Witch King of Angmar
(Lord of the Rings)
The Witch King of Angmar was one of my first 'complete' cosplays that tried to be as accurate to the original as possible. I used a lot of reference including screengrabs from LOTR as well as a few background images. But a huge shoutout to Kropserkel, who built metal versions complete with strapping that was essential in understanding how the various plates worked together.
The costume was built in 2010, and it was first worn I believe at ECCC in 2011. It was and still is one of my most accurate costumes, but it was also incredibly uncomfortable, with crappy leather gloves that filled with sweat and caused my hands to swell, and hard plastic plates that limited motion. Still I wore the costume quite a bit.
Materials Used: Styrene, fabric, pop rivets
The Witch King of Angmar is was built out of styrene sheets. I began with cardstock patterns. I transferred these to styrene sheets, that I then scored and snapped out of the styrene. I molded the parts by hand with a heat gun and used bits of thick gauge wire as a mold for the ridges.
The parts were then sanded and painted, then riveted together using pop rivets with washer backs. This allowed the costume to be reasonably durable, however these washers were much stronger than the plastic and would eventually break it in a few pieces.
A copy of my helmet pattern. Still the top result for Witch King Helmet pattern, and thus has also been stolen, copied, and resold without my permission, but whatever at this point
The hardest part of the gauntlet was punching a bunch of tiny holes to rivet the plates in place. This is not an ideal solution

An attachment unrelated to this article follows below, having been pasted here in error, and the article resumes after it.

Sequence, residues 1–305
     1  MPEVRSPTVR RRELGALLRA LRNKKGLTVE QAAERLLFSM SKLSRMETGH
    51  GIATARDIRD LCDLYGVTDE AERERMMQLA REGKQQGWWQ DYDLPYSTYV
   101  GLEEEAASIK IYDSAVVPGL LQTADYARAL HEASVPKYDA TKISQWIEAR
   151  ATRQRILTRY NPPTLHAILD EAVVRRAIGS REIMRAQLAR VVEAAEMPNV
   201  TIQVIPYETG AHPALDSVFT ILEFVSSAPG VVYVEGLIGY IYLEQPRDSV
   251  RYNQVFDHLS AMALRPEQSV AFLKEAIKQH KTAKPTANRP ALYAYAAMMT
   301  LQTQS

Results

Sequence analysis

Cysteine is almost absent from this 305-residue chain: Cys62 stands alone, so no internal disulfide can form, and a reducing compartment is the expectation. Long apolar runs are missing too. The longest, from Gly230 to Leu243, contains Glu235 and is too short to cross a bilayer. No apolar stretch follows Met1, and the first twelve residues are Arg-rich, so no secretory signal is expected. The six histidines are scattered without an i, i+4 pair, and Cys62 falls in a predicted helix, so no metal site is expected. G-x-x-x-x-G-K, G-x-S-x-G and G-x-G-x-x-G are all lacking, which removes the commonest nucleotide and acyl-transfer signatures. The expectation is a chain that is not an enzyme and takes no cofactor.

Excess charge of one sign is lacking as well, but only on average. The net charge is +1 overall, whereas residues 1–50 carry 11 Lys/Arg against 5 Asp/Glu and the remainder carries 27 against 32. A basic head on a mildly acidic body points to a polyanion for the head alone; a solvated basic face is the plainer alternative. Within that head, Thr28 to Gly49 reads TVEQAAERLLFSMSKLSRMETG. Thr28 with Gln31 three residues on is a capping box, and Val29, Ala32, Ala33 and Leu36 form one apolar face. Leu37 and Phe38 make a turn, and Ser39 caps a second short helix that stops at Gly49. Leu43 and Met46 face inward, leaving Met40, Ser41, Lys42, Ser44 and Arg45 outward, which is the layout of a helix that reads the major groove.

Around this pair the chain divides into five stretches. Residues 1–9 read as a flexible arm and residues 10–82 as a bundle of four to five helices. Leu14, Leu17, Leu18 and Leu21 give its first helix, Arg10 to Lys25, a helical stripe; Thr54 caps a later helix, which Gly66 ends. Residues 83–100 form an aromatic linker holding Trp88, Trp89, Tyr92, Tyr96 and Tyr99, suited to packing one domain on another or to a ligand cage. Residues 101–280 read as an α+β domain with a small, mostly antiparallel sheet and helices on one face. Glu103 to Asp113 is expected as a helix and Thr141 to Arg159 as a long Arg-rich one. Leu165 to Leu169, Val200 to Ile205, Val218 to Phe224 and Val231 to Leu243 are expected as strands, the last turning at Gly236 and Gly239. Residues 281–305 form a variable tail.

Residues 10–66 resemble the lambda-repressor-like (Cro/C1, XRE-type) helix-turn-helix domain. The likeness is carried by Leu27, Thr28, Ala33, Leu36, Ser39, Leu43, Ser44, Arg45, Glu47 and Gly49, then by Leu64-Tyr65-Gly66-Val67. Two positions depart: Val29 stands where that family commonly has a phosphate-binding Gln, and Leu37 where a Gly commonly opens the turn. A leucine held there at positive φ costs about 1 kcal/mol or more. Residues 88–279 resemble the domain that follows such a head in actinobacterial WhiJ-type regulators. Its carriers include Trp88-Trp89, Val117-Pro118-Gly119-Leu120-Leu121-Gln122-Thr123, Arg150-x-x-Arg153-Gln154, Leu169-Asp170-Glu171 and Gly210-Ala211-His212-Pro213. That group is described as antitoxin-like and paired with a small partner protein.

A bit of extra mobility was added on the costume with the use of thick leather straps. So the armor could 'breathe' a little bit and flex as I moved.
The helmet is also made of styrene with carved wooden sticks for spikes. In addition I used generous amounts of hot glue for the 'weld'.
One thing that should be noted with the helm, is that it does not sit like a normal helm, it's more of a crown, the eyes should be on your forehead and you see out of the mouth
The leg plates were made the same. As a test fit i used nuts and bolts rather than rivets
A bit here is the infamous boot covers. One of these broke AS I was walking into the convention. Didn't even make it up the stairs. It's still broken 10 years later
Sadly, I don't have a lot of photos beyond this point of the build process. But it's more of the above. Styrene, pop rivets. Then everything with lightly sanded and spraypainted with hammered metal. Then a black wash was applied to darken it a bit more.
The fabric work was always a huge mess. I bought a ton of lightweight fabric and ripped and shredded it and cobbled together a Naz'gul looking outfit. I was honestly never happy with this part.
This costume still today holds a special place in my heart. It was one of my first real 'accurate' costumes, and it super wowed people back then. I could barely move without getting my photo taken. It is, really the costume that set me on my path as a cosplayer.